The Oregon wolf population totals at least 64 wolves at the end of 2013-
Oregon is perhaps the state with wolves that treats them the best. An official wolf count began in 2009 when 14 wolves were detected. Since then it has grown steadily though more slowly than did wolves in neighboring Idaho.
At the end of 2013, the minimum number of wolves was determined to be 64, up from 48 the previous year. In 2013 six breeding pairs of wolves were found, but in 2013 that fell to four. All the wolves were in extreme NE Oregon. The lone exception is famous wolf OR-7, named “Journey” by many. He lives in SW Oregon’s Cascade Mountains, sometimes till ranging southward down into California.
The packs are named Imnaha, Wenaha, Walla Walla, Umatilla River, Snake River, Mt Emily, Minam, and “New Pack in Catherine Cr / Keating.” Snake River, Umatilla River, Minam and Walla Walla are the packs with breeding pairs. Minam is the largest pack with 12 wolves. In 2012 the Wenaha Pack was the largest with eleven wolves. This year Minam dropped to nine, and were not considered to be a pack with a breeding pair of wolves.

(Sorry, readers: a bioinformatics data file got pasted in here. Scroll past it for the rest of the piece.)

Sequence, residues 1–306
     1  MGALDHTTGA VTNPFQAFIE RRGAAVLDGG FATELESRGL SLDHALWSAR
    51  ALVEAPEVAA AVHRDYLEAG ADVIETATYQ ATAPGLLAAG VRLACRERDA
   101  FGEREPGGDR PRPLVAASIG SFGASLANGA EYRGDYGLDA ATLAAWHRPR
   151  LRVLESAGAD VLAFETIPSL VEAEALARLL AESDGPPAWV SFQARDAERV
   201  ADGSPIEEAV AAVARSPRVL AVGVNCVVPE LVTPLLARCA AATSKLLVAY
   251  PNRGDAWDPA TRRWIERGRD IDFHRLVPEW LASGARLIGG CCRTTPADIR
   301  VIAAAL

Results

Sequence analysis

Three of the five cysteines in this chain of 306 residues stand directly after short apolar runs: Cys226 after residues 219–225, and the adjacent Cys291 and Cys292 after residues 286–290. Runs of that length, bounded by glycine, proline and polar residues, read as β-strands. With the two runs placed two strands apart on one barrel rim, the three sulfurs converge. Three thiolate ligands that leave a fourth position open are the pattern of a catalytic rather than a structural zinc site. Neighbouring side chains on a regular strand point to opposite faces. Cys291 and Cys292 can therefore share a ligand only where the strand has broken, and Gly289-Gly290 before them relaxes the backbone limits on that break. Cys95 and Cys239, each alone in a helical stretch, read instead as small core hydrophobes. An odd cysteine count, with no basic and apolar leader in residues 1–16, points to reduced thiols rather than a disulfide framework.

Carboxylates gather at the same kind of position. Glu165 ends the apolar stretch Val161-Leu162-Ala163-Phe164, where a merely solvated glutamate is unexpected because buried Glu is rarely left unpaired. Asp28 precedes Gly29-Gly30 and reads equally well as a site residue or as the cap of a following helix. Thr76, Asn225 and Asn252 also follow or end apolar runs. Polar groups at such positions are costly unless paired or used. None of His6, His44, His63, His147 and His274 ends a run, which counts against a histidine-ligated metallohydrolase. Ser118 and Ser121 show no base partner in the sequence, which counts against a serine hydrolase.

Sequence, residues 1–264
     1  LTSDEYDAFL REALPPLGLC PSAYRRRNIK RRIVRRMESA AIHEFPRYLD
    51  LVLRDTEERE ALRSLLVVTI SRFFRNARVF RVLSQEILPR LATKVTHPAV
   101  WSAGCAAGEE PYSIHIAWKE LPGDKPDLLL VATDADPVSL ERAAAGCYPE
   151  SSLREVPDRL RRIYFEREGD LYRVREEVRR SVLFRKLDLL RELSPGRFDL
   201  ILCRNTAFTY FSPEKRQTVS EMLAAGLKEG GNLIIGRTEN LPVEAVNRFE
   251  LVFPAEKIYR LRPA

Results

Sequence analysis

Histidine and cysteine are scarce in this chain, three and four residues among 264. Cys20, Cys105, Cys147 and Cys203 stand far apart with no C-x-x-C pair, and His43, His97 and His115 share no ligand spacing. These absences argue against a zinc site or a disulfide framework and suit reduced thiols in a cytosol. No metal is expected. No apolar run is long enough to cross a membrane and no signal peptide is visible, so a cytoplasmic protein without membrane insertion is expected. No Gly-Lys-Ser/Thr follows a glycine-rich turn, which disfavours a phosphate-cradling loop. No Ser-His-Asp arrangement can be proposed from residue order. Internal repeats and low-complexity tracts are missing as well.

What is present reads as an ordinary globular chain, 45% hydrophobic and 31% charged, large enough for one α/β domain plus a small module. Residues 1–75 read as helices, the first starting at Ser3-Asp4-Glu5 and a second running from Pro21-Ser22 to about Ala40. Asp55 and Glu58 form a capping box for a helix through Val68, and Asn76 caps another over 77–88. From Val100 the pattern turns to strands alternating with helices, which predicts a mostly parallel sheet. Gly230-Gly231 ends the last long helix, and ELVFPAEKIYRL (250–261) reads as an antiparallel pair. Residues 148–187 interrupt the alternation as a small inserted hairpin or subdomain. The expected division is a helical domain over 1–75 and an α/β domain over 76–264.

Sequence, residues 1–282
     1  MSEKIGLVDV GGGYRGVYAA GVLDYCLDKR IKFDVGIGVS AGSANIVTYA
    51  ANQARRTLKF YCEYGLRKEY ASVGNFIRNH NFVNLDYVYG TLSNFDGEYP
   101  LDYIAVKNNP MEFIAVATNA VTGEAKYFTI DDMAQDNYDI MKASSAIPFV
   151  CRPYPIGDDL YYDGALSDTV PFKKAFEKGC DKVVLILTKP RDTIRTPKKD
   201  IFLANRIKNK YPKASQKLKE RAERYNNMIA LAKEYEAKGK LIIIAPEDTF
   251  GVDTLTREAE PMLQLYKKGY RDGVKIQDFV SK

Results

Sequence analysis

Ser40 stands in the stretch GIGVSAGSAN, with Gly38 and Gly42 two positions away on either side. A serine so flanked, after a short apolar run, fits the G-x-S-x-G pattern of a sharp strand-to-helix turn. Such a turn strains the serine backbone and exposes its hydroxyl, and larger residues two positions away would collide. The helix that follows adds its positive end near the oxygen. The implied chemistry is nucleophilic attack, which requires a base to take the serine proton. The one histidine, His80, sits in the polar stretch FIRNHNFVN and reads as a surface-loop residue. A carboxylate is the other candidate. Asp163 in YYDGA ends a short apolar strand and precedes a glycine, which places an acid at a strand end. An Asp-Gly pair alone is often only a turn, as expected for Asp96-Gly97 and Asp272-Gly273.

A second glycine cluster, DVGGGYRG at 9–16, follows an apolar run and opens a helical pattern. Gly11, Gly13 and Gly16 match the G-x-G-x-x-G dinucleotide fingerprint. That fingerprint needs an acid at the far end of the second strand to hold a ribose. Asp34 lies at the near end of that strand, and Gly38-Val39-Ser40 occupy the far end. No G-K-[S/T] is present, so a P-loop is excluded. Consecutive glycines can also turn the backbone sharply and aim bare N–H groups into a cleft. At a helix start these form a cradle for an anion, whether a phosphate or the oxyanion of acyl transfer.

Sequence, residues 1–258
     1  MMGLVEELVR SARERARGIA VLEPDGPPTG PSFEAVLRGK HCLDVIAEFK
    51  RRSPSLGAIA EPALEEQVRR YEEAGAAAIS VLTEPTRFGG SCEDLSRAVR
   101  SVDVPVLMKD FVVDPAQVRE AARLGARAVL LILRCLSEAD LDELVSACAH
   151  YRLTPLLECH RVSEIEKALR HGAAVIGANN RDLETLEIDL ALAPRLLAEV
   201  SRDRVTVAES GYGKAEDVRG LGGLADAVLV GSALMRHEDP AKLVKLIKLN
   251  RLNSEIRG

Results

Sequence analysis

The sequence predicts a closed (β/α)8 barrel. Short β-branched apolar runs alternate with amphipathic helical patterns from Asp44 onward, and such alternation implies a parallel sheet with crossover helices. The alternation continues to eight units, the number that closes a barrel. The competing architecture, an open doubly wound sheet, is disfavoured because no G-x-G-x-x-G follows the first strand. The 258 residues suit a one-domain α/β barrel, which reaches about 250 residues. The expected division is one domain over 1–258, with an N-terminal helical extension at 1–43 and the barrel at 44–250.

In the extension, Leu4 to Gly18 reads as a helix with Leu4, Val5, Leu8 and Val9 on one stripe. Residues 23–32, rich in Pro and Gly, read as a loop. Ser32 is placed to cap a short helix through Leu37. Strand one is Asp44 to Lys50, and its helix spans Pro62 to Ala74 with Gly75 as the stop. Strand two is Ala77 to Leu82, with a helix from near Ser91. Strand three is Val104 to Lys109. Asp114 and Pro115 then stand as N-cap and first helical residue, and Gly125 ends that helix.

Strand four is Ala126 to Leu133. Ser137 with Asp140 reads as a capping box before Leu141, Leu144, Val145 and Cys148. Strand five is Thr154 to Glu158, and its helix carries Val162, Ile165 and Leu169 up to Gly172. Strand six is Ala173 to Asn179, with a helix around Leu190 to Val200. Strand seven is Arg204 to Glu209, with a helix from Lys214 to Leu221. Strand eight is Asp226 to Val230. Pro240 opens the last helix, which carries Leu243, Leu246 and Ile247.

There were two new packs detected in 2013 — probably five wolves in the “Catherine Cr/Keating Units.” This is near Medical Springs on the west side of the Wallowa Mountains. Four wolves were detected northwest of LaGrande, Oregon and named the Mt. Emily Pack. Mt. Emily is a pair of wolves that had 3 pups last spring. Two pups survived the year. All of the packs live in the part of the state where the federal government delisted wolves but they still have Oregon state endangered species status. Only OR-7 is in the part of Oregon where the federal government still maintains endangered species status for the gray wolf.
Most of the wolf packs are genetically related, but the Walla Walla Pack is unique, not related to the other packs.
The scattered information released on the Oregon wolves shows that those captured and weighed were all somewhat small — less than 100 pounds.
By On February 26, 2014